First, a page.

NEW YORK (GenomeWeb) – Cambridge, UK-based startup PetaGene is hoping to make its bread and butter by offering software for compressing sequence files, making it possible to store them in a fraction of the space currently required for storage.
The PetaGene Suite, which officially launched earlier this year, comprises complementary software tools that help researchers reduce Bam, Cram, Fasta, and Fastq file sizes. Specifically, it features a tool called FasterQ, which compresses Fastq files into the smaller PetaGene-developed format called Fasterq; and BayesCal, which uses a statistical approach to refine base call quality scores and thus help reduce file sizes.
The suite also includes a tool called PetaView, which lets users convert standard Bam and Fastq.gz files into more efficient compression formats like Cram. Besides the PetaGene Suite, the company also offers a product called BayesQual, which is used for improving base quality score recalibration.
PetaGene is pursuing a rather unusual business model. It will get paid based on how much money customers are able to save on storage costs by using its software and "we only make money if they save money," Dan Greenfield, PetaGene's co-founder and director, told GenomeWeb at the Bio-IT World Conference last month in Boston. The company is still working out the exact details but it plans to charge some price per terabyte of storage freed up. "We can promise you that it will be much cheaper than going out and buying more storage," he said.
According to internal benchmarks, PetaGene's software suite compresses sequence files by up to fivefold without compromising the genotyping accuracy. That results in an up to fourfold reduction in lossless storage costs and up to a fivefold reduction in lossy storage costs, the company estimates.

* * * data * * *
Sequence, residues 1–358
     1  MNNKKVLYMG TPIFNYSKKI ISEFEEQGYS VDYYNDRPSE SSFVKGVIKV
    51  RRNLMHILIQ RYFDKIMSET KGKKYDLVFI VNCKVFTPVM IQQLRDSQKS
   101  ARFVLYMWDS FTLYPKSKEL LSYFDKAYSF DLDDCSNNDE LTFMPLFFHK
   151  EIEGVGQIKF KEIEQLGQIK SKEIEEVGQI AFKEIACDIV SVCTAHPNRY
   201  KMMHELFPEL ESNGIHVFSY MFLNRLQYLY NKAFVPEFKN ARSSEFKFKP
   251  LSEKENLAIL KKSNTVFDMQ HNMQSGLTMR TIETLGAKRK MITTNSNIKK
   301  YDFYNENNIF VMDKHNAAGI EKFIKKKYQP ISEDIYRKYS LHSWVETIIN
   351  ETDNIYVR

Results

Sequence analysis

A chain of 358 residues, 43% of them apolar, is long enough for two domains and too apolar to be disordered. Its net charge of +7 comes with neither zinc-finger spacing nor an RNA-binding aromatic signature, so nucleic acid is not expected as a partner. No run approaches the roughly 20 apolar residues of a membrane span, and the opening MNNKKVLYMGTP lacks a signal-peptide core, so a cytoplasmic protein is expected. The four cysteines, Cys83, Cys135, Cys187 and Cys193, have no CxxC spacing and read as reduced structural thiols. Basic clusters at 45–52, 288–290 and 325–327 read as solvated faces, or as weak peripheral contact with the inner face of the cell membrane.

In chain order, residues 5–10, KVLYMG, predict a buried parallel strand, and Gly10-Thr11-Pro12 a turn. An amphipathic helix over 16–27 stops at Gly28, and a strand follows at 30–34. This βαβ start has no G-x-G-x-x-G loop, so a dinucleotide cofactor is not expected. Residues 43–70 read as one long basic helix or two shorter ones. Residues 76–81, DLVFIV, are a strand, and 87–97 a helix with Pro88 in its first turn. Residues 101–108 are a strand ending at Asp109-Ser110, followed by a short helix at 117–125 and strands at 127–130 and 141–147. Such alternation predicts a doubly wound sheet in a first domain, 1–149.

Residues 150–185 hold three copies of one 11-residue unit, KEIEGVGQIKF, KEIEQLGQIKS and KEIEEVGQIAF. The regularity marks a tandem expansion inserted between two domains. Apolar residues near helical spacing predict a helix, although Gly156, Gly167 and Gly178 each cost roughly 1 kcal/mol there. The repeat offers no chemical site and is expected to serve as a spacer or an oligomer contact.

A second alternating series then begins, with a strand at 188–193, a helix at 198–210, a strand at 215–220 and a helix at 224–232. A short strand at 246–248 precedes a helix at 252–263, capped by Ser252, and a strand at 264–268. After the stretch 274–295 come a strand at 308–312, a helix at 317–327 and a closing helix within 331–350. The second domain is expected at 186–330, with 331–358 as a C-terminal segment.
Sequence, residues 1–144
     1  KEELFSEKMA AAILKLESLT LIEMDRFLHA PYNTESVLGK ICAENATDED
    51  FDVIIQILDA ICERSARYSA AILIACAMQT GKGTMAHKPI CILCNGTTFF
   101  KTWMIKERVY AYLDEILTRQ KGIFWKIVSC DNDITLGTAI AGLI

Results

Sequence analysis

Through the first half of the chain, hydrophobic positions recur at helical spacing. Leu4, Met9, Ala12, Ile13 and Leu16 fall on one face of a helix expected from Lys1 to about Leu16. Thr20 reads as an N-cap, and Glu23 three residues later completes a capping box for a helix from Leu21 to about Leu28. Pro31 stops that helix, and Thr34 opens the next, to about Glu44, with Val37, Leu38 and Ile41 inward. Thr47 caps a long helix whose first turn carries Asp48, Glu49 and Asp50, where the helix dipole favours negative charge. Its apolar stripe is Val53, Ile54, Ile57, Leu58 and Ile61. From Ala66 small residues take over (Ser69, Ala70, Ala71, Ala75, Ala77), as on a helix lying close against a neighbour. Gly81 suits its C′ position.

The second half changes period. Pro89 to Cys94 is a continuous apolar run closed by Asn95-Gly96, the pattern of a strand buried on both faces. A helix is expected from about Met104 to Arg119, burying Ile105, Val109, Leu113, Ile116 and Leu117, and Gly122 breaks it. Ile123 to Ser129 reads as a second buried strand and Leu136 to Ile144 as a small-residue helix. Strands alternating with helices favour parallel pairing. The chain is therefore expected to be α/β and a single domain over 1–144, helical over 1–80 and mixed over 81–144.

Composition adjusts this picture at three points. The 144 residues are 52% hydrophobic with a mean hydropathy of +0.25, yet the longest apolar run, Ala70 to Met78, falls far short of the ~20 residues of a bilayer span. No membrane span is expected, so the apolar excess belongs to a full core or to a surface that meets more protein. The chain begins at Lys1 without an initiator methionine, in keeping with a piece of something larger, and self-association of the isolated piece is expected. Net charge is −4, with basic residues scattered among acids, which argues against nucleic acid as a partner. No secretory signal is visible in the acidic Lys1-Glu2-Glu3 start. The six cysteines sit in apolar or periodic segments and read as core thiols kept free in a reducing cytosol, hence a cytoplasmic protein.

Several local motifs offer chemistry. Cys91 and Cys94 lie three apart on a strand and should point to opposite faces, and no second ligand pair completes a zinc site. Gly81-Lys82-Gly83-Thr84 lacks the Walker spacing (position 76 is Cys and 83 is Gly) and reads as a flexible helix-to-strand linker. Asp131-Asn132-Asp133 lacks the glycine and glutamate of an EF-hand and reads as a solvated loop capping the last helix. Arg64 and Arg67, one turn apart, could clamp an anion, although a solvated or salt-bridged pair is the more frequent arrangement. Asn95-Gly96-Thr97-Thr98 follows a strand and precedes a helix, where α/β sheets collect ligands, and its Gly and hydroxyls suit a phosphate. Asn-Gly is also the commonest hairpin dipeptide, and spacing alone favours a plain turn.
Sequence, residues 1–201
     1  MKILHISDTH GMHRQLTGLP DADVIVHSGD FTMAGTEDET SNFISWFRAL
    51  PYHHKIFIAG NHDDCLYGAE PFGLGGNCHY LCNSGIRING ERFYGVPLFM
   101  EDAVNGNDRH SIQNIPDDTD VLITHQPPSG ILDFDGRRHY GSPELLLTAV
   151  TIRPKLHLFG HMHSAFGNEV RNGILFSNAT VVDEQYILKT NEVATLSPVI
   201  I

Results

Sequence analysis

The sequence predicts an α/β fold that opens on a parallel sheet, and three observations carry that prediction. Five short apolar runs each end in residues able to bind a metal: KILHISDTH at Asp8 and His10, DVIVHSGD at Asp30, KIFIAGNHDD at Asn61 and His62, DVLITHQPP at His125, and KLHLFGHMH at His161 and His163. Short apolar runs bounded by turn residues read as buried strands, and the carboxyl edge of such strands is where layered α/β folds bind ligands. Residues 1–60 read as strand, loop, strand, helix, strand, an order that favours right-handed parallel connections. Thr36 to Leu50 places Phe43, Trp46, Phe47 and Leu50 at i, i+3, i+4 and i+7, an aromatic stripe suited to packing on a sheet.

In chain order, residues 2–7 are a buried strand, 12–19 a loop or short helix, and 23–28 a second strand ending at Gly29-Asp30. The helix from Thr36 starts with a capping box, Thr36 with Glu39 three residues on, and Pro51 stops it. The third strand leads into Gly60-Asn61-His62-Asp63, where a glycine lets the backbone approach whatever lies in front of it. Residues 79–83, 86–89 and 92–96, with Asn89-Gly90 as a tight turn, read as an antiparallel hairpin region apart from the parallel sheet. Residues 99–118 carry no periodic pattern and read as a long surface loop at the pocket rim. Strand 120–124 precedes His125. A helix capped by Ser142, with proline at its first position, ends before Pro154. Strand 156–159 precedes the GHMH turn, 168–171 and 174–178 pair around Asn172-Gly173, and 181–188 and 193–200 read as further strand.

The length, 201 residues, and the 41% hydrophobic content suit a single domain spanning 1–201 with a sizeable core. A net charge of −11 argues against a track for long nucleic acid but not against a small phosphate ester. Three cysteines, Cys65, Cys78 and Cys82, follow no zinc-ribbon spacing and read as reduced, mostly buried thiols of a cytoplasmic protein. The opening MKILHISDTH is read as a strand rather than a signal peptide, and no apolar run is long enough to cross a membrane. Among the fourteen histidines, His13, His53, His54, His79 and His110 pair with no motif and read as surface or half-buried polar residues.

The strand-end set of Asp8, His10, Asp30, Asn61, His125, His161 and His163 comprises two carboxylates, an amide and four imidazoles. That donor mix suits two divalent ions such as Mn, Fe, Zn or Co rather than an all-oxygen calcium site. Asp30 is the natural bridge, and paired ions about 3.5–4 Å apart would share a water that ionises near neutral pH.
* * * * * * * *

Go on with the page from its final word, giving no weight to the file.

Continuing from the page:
Smaller files are easier and quicker to move to and from external servers. According to PetaGene, its software improves data transfer times by about a factor of five compared to transferring larger gzipped FastQ and Bam files. In one assessment, it took nearly six minutes to transfer a Bam file containing sequence from the NA12878 platinum genome over a wide area network with a speed of approximately 10 megabits per second. In contrast, it took a little more than a minute to move a PetaSuite compressed file.
PetaGene demoed the software for potential clients at Bio-IT conference where it took home one of the Best of Show awards. The suite was developed by a team of researchers from the University of Cambridge as part of a collaborative study with the European Bioinformatics Institute that focused on methods of compression and storing genomic data more efficiently.
One way to do that was to remove information in sequence files that is not crucial to analysis and to store these in a separate storage tier, Greenfield explained. The researchers also looked into mechanisms of compressing base quality scores, which can still take up as much 60 to 80 percent of sequence file space even after the scores have been quantized — which means base calls are grouped into representative bins rather than stored individually. They wanted to be able to reduce the amount of space that base calls take up without reducing the genotyping accuracy — this can be a problem if the sequencing coverage is too low to begin with.